DO I HAVE KERATOCONUS?

Dr. Jim Martin 01/21/2014

Keratokonus.jpgKeratoconus, literally translated as 'horn cone' from its Greek origins, is a degenerative disorder in which the cornea becomes more conical in shape. This condition can worsen over time and cause significant impairment if left untreated.


What is a conical cornea?


Your cornea is the transparent front part of your eye that covers your iris and pupil. The cornea also acts as a lens as it refracts the light entering your eye and accounts for about two-thirds of your eye's optical power. A normal cornea is curved and allows your eye to focus on objects at will. As the cornea begins to become more conical as a result of keratoconus, the cornea loses its ability to focus and refract light as effectively.


What are common symptoms of Keratoconus?

Keratoconus and eye disease in general can have mild to severe symptoms when present. In the early stages, your vision may become blurry. As it progresses, your night vision may drastically decrease as well as your ability to focus on objects. Keratoconus is usually a bilateral form of eye disease, in that it affects both eyes. Although, the degree of impairment is usually unequal and therefore, you may have different symptoms in each eye.

The most common symptom reported by those affected by Keratoconus is monocular polyopia, or the perception of 'ghost' images in your vision. These 'ghost images' often occur in high contrast situations, such as a bright light against a dark background. Patients with Keratoconus will see multiple images of the light in a seemingly chaotic pattern. This can also occur when viewing sources of light.


What are the most common treatment options?


In the early stages of this eye disease, your doctor may use contact lenses or glasses to correct the curvature of your cornea. However, as time progresses, these options may no longer rectify the problem. In this case, it is common to move to hard or rigid contact lenses which will provide more support for your cornea.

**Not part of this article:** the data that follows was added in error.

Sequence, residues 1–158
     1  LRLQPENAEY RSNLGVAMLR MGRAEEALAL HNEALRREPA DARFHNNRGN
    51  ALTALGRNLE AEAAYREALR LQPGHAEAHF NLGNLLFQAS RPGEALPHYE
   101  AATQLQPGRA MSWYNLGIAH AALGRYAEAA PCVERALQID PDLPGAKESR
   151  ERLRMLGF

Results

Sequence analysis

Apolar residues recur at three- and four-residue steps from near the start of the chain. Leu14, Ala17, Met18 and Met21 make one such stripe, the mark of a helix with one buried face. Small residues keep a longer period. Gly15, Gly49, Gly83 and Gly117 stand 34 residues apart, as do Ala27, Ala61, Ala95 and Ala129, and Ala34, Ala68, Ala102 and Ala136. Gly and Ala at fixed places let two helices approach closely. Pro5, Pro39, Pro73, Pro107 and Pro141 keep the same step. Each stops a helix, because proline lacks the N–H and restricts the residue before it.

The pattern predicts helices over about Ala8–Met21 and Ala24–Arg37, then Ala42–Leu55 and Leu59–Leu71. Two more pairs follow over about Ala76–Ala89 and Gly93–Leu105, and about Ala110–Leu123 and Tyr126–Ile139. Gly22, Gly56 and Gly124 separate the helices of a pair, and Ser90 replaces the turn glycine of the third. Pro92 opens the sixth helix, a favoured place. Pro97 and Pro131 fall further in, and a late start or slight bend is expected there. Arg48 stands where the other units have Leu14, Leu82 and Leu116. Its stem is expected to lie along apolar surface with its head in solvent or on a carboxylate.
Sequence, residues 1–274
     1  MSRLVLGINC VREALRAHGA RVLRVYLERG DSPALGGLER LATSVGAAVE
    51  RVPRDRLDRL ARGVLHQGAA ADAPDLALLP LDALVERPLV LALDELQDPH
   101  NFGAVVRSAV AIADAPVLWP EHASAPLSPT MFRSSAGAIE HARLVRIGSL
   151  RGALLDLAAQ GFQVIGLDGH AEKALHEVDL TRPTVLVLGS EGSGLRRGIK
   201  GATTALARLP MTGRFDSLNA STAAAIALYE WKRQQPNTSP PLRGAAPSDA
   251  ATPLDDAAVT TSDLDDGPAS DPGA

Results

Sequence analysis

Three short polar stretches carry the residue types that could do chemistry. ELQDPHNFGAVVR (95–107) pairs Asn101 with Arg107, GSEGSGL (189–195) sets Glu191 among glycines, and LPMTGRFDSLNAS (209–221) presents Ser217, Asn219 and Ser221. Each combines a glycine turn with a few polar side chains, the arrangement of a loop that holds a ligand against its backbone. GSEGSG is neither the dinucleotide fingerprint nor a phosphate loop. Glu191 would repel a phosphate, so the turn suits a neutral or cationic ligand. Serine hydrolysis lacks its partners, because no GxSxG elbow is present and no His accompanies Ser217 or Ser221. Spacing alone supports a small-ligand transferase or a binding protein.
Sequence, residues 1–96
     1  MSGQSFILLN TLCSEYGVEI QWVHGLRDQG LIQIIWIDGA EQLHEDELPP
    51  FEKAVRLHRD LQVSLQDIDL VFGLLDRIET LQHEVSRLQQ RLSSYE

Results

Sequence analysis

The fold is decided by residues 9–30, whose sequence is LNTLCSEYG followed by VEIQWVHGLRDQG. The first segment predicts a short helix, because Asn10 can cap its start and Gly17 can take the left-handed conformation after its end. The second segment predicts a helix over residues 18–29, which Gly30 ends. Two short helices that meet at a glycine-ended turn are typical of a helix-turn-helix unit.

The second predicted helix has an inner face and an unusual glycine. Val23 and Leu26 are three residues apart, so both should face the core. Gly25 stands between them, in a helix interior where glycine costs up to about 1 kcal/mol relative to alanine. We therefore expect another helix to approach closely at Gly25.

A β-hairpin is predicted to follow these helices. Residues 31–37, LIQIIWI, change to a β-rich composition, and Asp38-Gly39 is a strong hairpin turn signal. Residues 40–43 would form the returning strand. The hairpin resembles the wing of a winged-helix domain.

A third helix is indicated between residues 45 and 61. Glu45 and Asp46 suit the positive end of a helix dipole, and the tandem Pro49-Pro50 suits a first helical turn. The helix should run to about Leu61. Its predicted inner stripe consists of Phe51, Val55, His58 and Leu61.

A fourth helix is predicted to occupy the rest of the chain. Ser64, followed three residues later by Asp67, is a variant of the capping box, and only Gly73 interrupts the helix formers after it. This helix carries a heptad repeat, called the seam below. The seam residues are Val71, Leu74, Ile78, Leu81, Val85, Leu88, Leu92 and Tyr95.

When glasses and contact lenses no longer work, then your doctor may recommend surgery. Cross-linking is a procedure in which riboflavin is added to your eye which will produce new bonds and change the structure of the cornea. Another possible procedure is when a corneal ring segment inserted underneath the cornea which will then stretch it out and move it back to its normal curvature. When the eye disease has progressed to a point where no other vision correction procedure is a viable option, a corneal transplant may be performed.


What is the best way to protect my eyes from Keratoconus?


The cause of this eye disease remains unclear even though there has been a considerable amount of research on the subject. There is some evidence that keratoconus is both caused by genetic and environmental influences. This eye disease is most often diagnosed during puberty but can present itself at any time and progress at any rate.

Your best line of defense is to make an appointment with your eye doctor any time you notice any change to your vision at all, especially if you have any of the above symptoms. The experts at Broome Optical can help answer all of your questions and diagnose any problems you may be having. As Keratoconus is degenerative in nature, it will only worsen so you shouldn't delay.

New Call-to-action